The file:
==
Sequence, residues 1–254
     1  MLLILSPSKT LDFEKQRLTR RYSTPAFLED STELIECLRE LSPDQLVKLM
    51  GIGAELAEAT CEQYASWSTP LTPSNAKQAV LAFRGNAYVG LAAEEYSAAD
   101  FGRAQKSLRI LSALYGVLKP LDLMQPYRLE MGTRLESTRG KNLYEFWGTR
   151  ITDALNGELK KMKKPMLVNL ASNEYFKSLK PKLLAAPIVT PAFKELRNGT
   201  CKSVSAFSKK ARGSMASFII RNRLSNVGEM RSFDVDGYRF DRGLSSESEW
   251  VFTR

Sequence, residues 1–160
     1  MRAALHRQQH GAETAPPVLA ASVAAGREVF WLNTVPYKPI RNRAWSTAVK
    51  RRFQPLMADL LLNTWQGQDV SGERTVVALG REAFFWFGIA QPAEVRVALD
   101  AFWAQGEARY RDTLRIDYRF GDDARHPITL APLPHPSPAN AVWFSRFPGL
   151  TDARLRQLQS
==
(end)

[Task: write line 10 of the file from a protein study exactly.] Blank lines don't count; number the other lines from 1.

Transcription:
    51  RRFQPLMADL LLNTWQGQDV SGERTVVALG REAFFWFGIA QPAEVRVALD